You’ll find plenty of water sports along this gorgeous stretch of coast, which is ideal for exploring by kayak or with a snorkel. You could also have a go at paddle-boarding or sailing. Menorca is a superb diving destination and there are several suppliers in the Cala’n Forcat area that rent out equipment and organise diving excursions to the marine reserve on the northern coast. Inland, you can go horse-riding, hiking and mountain-biking along the well-marked trails: the best known is the Camí de Cavalls (which literally means ‘the horse road’), a medieval bridle path that circles the entire island and has been recently restored.
The beach in Cala’n Forcat is a picture-postcard curve of sand tucked into a charming bay. It’s not particularly big, but it shelves very gently, ensuring that the water is shallow enough for even the smallest kids. Slightly older kids and teens will enjoy scrambling over the rocks, hunting for crabs in the pools, jumping off into the water, and snorkelling around the rocks. The beach in nearby Cala’n Blanes is larger and has a few more amenities. This stretch of coast is pocked with lots of tiny coves that you can explore: the little cove of Cales Piques is another narrow inlet framed by rocks that is ideal if you’re looking for some peace and seclusion.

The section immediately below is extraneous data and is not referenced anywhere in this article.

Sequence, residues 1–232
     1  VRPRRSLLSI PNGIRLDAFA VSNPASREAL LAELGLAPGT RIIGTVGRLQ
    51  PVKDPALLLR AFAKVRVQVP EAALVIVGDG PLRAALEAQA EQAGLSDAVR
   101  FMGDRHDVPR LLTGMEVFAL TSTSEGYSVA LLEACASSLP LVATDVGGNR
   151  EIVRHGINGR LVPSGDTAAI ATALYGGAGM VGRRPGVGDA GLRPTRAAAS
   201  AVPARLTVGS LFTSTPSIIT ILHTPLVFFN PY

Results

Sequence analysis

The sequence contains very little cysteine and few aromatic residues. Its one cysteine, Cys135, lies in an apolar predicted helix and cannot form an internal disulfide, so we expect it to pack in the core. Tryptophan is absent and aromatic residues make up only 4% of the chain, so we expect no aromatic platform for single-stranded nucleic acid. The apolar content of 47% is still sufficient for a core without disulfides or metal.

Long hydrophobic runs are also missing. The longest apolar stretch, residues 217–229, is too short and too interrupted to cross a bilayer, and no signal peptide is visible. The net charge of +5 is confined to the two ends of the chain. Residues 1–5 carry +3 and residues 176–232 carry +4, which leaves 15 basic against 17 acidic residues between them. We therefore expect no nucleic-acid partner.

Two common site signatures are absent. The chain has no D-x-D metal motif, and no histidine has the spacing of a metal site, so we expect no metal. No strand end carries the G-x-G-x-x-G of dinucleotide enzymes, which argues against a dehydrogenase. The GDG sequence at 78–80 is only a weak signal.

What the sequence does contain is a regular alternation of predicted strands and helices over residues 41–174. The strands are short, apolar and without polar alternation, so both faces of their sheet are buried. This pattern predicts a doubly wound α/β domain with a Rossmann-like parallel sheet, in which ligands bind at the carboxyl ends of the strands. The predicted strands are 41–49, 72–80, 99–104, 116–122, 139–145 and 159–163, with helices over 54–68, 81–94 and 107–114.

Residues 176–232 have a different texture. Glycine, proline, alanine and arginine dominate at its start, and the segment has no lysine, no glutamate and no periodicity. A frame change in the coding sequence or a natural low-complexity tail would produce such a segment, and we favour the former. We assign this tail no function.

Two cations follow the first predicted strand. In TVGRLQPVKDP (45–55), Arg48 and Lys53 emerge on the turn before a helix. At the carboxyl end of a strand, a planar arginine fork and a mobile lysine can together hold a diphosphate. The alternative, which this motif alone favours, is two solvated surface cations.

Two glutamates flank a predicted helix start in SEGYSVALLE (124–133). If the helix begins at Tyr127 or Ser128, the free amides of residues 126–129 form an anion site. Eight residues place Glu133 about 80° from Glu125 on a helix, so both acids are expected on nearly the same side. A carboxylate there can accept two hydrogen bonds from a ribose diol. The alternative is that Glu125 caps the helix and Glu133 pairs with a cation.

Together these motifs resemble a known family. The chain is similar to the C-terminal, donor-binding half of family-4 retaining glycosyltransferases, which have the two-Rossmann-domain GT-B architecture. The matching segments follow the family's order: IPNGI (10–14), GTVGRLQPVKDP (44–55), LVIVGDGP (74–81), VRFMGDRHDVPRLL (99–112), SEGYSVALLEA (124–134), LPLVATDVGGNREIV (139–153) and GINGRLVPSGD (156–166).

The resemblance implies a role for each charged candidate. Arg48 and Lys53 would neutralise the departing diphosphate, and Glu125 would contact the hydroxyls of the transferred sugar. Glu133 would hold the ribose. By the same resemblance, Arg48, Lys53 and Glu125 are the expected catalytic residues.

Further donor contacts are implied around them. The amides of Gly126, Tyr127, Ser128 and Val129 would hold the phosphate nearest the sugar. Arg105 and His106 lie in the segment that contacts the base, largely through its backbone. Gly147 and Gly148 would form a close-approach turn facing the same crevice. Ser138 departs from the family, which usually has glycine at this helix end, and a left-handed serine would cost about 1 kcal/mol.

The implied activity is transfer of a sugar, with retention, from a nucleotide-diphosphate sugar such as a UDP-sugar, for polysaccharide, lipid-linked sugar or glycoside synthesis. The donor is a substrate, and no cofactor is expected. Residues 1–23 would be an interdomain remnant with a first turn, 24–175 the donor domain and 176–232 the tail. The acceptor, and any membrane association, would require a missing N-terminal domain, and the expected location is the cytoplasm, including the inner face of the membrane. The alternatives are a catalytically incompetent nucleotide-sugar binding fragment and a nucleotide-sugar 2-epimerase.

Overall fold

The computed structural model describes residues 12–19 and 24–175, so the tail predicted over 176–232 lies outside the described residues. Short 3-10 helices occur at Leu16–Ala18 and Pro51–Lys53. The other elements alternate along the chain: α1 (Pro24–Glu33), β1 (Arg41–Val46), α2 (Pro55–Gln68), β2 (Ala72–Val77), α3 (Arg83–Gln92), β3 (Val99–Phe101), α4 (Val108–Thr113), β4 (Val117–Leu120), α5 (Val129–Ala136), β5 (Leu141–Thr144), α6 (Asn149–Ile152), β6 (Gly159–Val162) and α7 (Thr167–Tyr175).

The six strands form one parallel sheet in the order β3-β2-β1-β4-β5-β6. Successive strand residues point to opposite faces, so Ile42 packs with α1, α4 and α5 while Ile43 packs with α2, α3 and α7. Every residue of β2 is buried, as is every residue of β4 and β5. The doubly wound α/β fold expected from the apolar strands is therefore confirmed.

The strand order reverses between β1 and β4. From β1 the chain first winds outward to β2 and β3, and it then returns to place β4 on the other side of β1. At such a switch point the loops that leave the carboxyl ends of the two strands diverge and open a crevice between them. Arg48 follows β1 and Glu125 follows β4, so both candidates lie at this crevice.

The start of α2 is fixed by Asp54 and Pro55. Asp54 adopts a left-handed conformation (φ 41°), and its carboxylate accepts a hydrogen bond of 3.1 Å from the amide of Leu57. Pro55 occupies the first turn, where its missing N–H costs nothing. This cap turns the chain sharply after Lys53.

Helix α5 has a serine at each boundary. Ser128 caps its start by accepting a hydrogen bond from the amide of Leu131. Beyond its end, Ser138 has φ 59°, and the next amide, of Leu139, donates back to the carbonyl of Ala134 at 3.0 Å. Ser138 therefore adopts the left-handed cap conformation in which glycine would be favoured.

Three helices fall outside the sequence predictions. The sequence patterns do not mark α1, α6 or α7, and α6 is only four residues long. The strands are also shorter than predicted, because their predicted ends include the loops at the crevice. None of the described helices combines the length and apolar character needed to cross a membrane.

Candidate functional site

The biggest attraction of Cala’n Forcat is its peace and tranquillity, so you won’t find much in the way of big bars and clubs. However, there’s still plenty going on – both in Cala’n Forcat and in the neighbouring resorts of Los Delfines and Cala’n Blanes – that will keep you entertained in the evenings. Many of the bars and pubs run karaoke nights or host live gigs during the summer months. If you’re looking for more intense nightlife, or just a greater variety of venues, hop in a taxi to Ciutadella, which is just 10 minutes away. You’ll find everything there from old-fashioned bodegas to lively outdoor nightclubs, where you can dance the night away.
Cala’n Forcat is perfect for couples who want to soak up the Menorcan sunshine, and enjoy some wonderful sunset walks along this gorgeous coastline. The pretty little cove is a perfect backdrop for romance, and you can explore the coast to find your own secluded bay for an intimate picnic. If you’re active types, then you’ll enjoy the snorkelling and diving, as well as the excellent hiking and mountain-biking trails. The nearby city of Ciutadella, just 10 minutes away by car, is an exquisite and beautifully preserved town full of Gothic palaces and churches, which you can amble around happily hand-in-hand.
Cala’n Forcat is a modern development, but the area has been inhabited since ancient times, and is still strewn with the remnants of Talayotic settlements. Most are not open to visitors, but you can visit the Naveta des Tudons, a remarkable Bronze Age burial tomb built 3000 years ago, which is located on the outskirts of Ciutadella, just 3 miles away. This charming city was the island’s historic capital, and has most of the region’s cultural attractions, from a beautifully preserved medieval quarter crowned by a Gothic cathedral to a sturdy 17th-century fortress, now an interesting history museum. It’s also got plenty of art galleries and regular cultural events such as music performances.